The goal of the project is to build research capacity and resilience by investing in the researcher as a human instrument. The program of activities was created to be flexible and to also allow for face to face social time, which would foster the discussion of ideas and to create a mutually supportive mind set.

1.6Aims and research questions

The aim in this pilot study is to explain in what ways, if any, a focused program using nature and art-related activities for researchers in a natural setting, away from the dense, hyperactive urban environment in which many researchers work, could be beneficial.

Our research questions are:

  • 1. How do we organize a nature and art-related activity (NARA) retreat for researchers?

  • 2. How do we, as researchers, perceive and communicate in a NARA retreat?

  • 3. Which health factors do we find meaningful and important regarding taking care of ourselves as researchers?

  • 4. After three months, what has been the perceived impact of the retreat? What, if anything, was meaningful and useful?


2.1Participants and setting

Six women, interdisciplinary researchers (mean age 51 years (20–76), from three different countries and universities (US, Sweden and Finland) were invited to a retreat on a small island on the outskirts of the archipelago of Stockholm in Sweden for three days.

The participants were accommodated in different houses, but shared meals during the three days. No one left the retreat area and all of the participants helped with practical tasks such as cooking, cleaning the dishes and helping organize the structure of each retreat exercise/workshop.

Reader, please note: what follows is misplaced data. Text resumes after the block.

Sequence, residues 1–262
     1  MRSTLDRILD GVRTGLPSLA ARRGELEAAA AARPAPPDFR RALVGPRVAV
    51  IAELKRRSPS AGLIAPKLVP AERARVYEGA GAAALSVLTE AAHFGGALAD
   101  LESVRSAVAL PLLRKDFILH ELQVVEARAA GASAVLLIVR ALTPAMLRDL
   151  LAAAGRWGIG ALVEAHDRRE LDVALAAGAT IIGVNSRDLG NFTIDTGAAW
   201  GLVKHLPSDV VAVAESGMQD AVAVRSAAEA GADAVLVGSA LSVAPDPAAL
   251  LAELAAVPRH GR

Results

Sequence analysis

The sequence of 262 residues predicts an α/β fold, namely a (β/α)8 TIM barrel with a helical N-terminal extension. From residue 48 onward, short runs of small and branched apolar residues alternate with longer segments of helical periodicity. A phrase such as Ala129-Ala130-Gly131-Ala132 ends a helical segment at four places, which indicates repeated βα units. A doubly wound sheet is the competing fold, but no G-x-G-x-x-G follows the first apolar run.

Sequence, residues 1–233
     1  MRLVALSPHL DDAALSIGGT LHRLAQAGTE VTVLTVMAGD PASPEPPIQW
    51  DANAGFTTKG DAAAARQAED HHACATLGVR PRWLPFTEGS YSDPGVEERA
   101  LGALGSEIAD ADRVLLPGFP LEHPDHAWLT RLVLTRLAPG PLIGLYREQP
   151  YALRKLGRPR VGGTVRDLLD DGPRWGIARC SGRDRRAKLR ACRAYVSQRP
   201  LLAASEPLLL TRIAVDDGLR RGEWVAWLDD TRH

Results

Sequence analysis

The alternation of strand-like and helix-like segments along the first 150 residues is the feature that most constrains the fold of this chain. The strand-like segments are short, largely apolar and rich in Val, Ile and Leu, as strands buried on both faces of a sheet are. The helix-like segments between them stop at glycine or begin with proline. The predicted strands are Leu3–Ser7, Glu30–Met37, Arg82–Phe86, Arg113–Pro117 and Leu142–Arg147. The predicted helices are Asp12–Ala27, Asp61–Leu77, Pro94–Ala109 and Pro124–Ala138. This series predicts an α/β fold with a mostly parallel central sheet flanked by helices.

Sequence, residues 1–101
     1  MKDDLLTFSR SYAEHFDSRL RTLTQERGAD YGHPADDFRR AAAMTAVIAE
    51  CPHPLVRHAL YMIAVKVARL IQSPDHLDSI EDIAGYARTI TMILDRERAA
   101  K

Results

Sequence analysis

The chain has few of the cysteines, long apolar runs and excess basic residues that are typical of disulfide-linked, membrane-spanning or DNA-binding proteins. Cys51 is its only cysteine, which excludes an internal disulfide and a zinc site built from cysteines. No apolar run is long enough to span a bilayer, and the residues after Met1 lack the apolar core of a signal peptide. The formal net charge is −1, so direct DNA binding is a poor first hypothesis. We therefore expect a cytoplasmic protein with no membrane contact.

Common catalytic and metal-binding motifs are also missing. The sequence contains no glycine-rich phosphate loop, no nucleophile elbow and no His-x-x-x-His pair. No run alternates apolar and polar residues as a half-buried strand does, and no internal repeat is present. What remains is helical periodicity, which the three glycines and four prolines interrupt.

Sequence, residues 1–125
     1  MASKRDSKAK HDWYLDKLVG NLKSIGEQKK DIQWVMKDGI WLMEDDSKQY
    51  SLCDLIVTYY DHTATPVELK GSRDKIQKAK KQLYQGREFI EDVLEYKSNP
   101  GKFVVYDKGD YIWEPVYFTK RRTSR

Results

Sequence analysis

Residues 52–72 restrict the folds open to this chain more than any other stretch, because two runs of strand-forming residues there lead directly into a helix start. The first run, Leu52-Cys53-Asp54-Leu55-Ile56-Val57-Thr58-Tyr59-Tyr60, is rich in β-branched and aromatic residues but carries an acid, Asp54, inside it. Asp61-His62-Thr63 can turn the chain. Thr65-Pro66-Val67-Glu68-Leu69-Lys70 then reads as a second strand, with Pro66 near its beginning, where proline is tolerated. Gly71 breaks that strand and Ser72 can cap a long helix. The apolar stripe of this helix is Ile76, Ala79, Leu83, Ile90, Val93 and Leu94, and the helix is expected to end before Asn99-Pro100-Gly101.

2.2Selection of participants

Each researcher self-selected to participate in the retreat was asked to prepare and lead one or two workshops each on the theme “Taking care of the researcher”. Researchers were invited via email for their experience in an area of the arts. While the research disciplines of participants varied, each of the researchers had a well-developed and recognized skill in one area of the arts and/or humanities, including yoga, expressive writing, expressive movement, dance, singing, drawing, drumming, culture-specific expression, and nutrition.

This experience needed to have been applied in clinical or other practical contexts, although not necessarily with a group of researchers. The arts practices selected for the retreat included yoga, expressive writing, expressive movement, dance, singing, drawing, drumming, culture-specific expression and nutrition. Workshops were approximately 1.5 hours long, and scheduled at a specific time on the retreat agenda. The entire group took part in each of the different workshops together. Four of the participating researchers are also the authors to this article.

2.3Duration of workshops

Only one workshop continued over three sessions and that was yoga: this took place each morning and was held both inside the main building and outside, on the ground, when the weather allowed it. The other workshops took place only once, and in a variety of locations on the island, including outside in nature, inside the main room and at an outside table. The participants worked either individually or collectively as the workshop required. Some workshops required the participants to walk or move in solitude, while others were based on being together, and doing the same thing at the same time. Unstructured time was built in, as well, especially during meals and for a trip to the sauna. Although the unstructured time was not formally evaluated, it was a time of sharing ideas and building community among the group.